Franklin Milton .... recording supervisor
Van Allen James .... sound editor (uncredited)
 
Visual Effects by
J. McMillan Johnson .... special visual effects
 
Camera and Electrical Department
Christopher Challis .... additional photographer (as Chris Challis)
Travers Hill .... camera operator (uncredited)
 
Music Department
Robert Armbruster .... conductor
Victor Arno .... musician: violin (uncredited)
Larry Bunker .... musician: drums (uncredited)
Gene Cipriano .... musician (uncredited)
Alexander Courage .... orchestrator (uncredited)
Jack Elliott .... orchestrator (uncredited)
Artie Kane .... musician: piano (uncredited)
Louis Kaufman .... musician: violin (uncredited)
Milton Kestenbaum .... musician: bass (uncredited)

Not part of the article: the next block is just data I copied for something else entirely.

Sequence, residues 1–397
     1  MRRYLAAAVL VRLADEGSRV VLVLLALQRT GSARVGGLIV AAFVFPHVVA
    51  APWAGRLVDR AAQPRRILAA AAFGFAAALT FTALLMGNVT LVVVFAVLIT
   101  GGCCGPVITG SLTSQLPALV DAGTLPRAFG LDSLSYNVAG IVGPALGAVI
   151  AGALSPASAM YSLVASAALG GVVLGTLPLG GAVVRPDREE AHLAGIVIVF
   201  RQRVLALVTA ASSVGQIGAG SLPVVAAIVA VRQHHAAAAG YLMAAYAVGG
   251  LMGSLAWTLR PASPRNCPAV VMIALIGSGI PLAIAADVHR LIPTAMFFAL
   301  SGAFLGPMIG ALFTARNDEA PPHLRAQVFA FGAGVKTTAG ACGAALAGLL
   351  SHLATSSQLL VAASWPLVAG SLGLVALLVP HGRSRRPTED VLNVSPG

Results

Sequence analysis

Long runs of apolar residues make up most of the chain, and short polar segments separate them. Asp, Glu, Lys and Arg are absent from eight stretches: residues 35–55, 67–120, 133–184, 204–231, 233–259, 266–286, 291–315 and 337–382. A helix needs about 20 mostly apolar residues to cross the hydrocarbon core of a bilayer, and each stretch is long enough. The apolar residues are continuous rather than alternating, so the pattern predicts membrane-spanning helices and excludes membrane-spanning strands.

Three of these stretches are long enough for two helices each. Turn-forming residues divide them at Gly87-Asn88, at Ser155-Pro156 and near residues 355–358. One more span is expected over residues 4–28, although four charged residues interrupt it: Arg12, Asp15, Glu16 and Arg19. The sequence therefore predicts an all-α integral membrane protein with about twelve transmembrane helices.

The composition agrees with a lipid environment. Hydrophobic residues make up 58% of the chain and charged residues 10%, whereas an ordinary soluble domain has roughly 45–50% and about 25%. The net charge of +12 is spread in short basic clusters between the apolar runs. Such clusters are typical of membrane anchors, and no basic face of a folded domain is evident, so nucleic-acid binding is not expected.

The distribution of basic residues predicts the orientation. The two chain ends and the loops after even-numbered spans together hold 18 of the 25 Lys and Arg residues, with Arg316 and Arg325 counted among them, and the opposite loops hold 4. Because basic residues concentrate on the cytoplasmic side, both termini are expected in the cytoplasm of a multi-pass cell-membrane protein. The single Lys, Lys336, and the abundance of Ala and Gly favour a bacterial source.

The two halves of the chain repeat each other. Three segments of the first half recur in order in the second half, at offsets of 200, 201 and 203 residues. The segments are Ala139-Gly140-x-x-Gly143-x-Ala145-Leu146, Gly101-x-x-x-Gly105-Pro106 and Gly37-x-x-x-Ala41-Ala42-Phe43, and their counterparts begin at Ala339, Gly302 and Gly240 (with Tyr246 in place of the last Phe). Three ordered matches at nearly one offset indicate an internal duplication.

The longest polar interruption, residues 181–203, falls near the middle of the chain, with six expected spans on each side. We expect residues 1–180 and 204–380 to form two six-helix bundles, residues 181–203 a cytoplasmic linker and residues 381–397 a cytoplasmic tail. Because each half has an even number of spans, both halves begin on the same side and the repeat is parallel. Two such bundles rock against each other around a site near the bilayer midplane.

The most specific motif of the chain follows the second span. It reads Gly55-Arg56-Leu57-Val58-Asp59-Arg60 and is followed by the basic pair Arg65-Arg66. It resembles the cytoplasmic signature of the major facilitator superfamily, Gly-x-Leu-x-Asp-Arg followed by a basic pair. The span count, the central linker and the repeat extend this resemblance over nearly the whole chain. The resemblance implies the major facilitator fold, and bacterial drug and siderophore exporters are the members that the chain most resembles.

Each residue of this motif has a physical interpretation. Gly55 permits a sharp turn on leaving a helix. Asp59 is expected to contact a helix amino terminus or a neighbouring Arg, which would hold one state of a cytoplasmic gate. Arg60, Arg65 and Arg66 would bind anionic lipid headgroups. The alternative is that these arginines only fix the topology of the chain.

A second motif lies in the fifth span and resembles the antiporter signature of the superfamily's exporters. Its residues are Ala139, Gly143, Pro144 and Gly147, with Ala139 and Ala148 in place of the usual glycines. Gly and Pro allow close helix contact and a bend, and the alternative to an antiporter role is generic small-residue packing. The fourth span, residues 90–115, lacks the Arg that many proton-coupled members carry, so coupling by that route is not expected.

Virginia Majewski .... musician: viola (uncredited)
Johnny Mandel .... orchestrator (uncredited)
Shelly Manne .... musician: drums (uncredited)
Red Mitchell .... musician: bass (uncredited)
Uan Rasey .... musician: trumpet (uncredited)
Bud Shank .... musician: flute (uncredited)
 
Other crew
Alain Delalande .... subtitles: original version with French subtitles
 
Crew verified as complete


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Additional Details

Also Known As:
"Emily" - USA (reissue title)
See more »
Runtime:
115 min
Country:
Language:
Aspect Ratio:
1.85 : 1 See more »
Sound Mix:
Mono (Westrex Recording System) | Stereo
Certification:
Australia:PG | Australia:G (TV rating) | Canada:PG (video rating) | Finland:K-8 | Finland:K-7 (new rating: 2001) | Spain:13 | Sweden:11 | UK:X | USA:Approved (certificate #20611) | West Germany:16